|Inventories - M/M change||0.1%||0.0% to 0.7%||0.1%||0.8%||0.8%|
The economy may be solid right now but inventories at the wholesale level look heavy, rising 0.1 percent in December vs a noticeable 0.4 percent decline in sales at the wholesale level. The mismatch drives up the stock-to-sales ratio by 1 notch from 1.21 to 1.22 which is the heaviest reading since way back in the troubled days of late 2009. This ratio was at 1.17 through the middle of last year but has since been moving higher.
December's unwanted wholesale build is centered in the non-durable component where sales, in contrast to durable goods which rose 1.1 percent, fell 1.7 percent in the month. Here the culprit is petroleum where sales, reflecting both price effects and lower demand, fell 13.7 percent in the month. And the supply overhang, based on weekly petroleum inventory data, has continued to build into the new year. Showing a big draw in the month are lumber and electrical goods, two products that may be signaling rising demand out of the construction sector.
The nation's inventories have been moving higher relative to sales but the imbalance has been centered in the wholesale sector, though inventories at the factory level are showing a little pressure as well. Watch Thursday for the business inventories inventory report which will round out December's inventory picture with data on the retail sector.
Market Consensus Before Announcement
Wholesale inventories looked a bit heavy in the wholesale sector, up 0.8 percent in November versus a 0.3 percent decline in sales that lifted the stock-to-sales ratio to 1.21 from October's 1.20 and compared to 1.19 in September. Weak sales made for unwanted inventory builds in metals, chemicals, lumber, machinery and farm products.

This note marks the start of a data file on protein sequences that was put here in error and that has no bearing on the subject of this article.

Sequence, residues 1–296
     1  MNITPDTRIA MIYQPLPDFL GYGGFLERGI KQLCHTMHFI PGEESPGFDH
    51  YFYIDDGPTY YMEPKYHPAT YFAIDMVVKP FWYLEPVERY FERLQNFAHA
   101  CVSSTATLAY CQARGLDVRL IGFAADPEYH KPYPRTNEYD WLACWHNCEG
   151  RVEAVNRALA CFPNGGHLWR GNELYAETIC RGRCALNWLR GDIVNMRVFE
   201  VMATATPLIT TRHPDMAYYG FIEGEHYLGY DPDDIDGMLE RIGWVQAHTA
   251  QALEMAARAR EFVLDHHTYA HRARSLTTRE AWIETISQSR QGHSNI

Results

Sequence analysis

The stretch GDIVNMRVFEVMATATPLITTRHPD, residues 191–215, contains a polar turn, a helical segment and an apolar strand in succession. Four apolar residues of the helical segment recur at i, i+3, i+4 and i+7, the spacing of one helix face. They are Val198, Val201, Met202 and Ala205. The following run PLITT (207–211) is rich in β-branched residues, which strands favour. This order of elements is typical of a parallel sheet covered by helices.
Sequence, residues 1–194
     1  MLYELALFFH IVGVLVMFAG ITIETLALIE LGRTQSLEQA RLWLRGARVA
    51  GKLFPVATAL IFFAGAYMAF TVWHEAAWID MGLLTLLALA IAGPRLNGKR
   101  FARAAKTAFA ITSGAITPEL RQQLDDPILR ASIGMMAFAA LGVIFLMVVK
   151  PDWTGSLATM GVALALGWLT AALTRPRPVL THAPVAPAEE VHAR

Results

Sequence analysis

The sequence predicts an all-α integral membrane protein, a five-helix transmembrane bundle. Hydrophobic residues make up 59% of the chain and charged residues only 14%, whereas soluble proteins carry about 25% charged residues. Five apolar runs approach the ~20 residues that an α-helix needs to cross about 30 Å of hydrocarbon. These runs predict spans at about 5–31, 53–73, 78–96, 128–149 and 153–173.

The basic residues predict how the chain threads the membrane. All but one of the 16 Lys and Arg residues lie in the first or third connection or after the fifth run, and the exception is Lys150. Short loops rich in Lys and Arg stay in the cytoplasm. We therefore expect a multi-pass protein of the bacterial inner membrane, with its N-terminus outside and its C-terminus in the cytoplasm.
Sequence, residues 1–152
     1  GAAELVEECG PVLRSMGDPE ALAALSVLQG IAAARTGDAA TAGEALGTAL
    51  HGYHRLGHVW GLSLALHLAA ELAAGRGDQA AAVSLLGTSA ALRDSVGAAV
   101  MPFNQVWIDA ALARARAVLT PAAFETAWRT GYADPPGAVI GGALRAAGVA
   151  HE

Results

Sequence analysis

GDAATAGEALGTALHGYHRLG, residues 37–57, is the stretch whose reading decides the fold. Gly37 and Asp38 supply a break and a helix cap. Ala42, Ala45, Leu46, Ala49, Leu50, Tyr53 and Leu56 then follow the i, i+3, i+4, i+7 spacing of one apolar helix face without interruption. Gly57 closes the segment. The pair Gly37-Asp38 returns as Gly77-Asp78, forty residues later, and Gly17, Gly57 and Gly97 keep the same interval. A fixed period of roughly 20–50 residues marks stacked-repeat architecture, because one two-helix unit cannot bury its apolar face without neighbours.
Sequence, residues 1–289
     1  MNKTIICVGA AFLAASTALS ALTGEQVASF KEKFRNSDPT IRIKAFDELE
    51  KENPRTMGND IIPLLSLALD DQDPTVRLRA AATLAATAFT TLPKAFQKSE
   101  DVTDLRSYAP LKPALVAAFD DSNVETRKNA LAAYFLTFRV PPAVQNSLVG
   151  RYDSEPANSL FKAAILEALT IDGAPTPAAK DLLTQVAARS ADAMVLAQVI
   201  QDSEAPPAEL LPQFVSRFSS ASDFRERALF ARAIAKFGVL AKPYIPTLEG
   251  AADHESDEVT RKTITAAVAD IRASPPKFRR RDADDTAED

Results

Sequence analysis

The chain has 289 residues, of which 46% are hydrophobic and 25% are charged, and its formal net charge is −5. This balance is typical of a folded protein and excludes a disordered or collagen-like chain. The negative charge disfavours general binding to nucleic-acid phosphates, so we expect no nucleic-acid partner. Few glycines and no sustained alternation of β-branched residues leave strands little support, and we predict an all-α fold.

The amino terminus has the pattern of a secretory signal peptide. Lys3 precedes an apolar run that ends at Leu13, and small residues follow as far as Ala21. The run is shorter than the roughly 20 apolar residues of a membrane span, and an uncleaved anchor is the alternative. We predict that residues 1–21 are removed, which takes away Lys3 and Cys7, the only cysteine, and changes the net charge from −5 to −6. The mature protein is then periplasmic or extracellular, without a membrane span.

Wholesale trade measures the dollar value of sales made and inventories held by merchant wholesalers. It is a component of business sales and inventories.
Investors need to monitor the economy closely because it usually dictates how various types of investments will perform. The stock market likes to see healthy economic growth because that translates to higher corporate profits. The bond market prefers a slower rate of growth that won't lead to inflationary pressures. Wholesale sales and inventory data give investors a chance to look below the surface of the visible consumer economy. Activity at the wholesale level can be a precursor for consumer trends. In particular, by looking at the ratio of inventories to sales, investors can see how fast production will grow in coming months. For example, if inventory growth lags sales growth, then manufacturers will need to boost production lest product shortages occur. On the other hand, if unintended inventory accumulation occurs (i.e. sales did not meet expectations), then production will probably have to slow while those inventories are worked down. In this manner, the inventory data provide a valuable forward-looking tool for tracking the economy.